It’s been said that In the Cut attempts to walk the line between a mainstream movie and an art-house offering. In truth, the only thing mainstream is Ryan, and the movie more truthfully walks the line between art-house fare and exploitation flick — a far-less ambitious notion. And that line has always been easier to cross than might seem apparent, since exploitation producers rarely care what a filmmaker does, so long as that director provides the requisite amount of skin, gore and whatever else the marketing concept deems necessary.
In the art department, Campion has loaded her film with unsteady, handheld camerawork, dim lighting and a depth-of-field so shallow that an actor’s eye may be in focus, but his or her nose will not. The director has also fleshed out the proceedings with singularly bizarre, black-and-white fantasy flashbacks to the ice-skating courtship of Frannie’s parents — which, judging by the costuming and the hyped speed of the action, appears to have taken place somewhere around 1912. Just why a character in 2003 — who was born, presumably, somewhere around 1960 — would think of her parents’ courtship in these quaint terms is far more mysterious than the identity of the movie’s killer. Which brings us to Campion’s embrace of the exploitation film, from which she seems primarily to have drawn a complete disregard for logic and characterization.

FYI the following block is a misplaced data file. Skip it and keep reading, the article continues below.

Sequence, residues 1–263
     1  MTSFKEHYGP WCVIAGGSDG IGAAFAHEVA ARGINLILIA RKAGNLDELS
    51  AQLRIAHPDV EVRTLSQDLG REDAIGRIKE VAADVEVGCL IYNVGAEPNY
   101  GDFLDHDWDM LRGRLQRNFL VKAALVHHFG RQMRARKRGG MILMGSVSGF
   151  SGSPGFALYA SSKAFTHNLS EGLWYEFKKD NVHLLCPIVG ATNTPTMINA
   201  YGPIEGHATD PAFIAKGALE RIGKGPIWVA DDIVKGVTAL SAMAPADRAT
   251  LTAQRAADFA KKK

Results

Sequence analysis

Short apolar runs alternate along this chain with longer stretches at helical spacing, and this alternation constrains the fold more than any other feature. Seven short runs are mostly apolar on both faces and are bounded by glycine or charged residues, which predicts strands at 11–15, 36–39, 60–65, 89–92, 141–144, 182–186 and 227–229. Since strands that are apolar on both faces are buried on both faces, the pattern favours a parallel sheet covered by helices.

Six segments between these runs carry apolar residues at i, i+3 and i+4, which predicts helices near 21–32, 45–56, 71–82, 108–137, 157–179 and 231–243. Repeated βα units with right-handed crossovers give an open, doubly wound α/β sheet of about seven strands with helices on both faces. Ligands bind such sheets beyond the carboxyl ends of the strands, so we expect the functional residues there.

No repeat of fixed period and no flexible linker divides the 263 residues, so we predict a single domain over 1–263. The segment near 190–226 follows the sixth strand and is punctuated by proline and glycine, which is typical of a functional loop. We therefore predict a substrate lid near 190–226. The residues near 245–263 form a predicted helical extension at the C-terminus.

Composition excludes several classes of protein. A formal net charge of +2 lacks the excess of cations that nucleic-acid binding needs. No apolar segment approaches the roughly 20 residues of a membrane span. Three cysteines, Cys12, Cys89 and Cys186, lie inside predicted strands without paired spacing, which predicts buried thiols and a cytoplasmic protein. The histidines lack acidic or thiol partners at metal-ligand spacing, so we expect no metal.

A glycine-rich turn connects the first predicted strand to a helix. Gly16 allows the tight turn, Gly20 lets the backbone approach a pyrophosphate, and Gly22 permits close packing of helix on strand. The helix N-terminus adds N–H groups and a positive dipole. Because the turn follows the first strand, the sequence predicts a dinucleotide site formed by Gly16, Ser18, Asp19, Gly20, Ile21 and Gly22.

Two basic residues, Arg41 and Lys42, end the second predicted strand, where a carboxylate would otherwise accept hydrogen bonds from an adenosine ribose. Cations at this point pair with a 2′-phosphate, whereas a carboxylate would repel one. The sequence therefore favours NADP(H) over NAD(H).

Very little of what happens in In the Cut holds up to even the most cursory of scrutiny. Detective Malloy (Mark Ruffalo) is the most unprofessional and inept investigator in the history of the mystery genre. Not only does he never really question or act upon Frannie’s story, but her tale clearly tells him who the murderer is. Yet he spends the entire movie — including the ending — apparently oblivious to all this. Similarly, Frannie lets go of the question of the identifying tattoo — just like the one sported by Malloy — far too easily. But what do you expect in a film where the killer just happens to have a secret lair in a lighthouse in the shadow of the George Washington Bridge? And where we are treated to a brazenly utilitarian — and otherwise wholly arbitrary — shooting lesson for the heroine (not to mention that the scene allows a gun to be conveniently planted for later use)? Where clunky symbolism involving engagement rings is brought into play and then dropped?
All of this could be forgiven if Campion had set out to make a fun, junky thriller — but that’s not at all the case. In the Cut is obviously meant to be some kind of Important Statement, but I’ve yet to work out what it’s trying to say — unless that, in the movie’s latter half, it’s supposed to be demonstrating how to make minutes fly by like hours. What’s especially frustrating is that Ryan’s performance is worth seeing, and In the Cut boasts some incredible imagery — not to mention the refreshing sexual frankness. Yet it’s all encased in one huge, slow mess of a movie.
— reviewed by Ken Hanke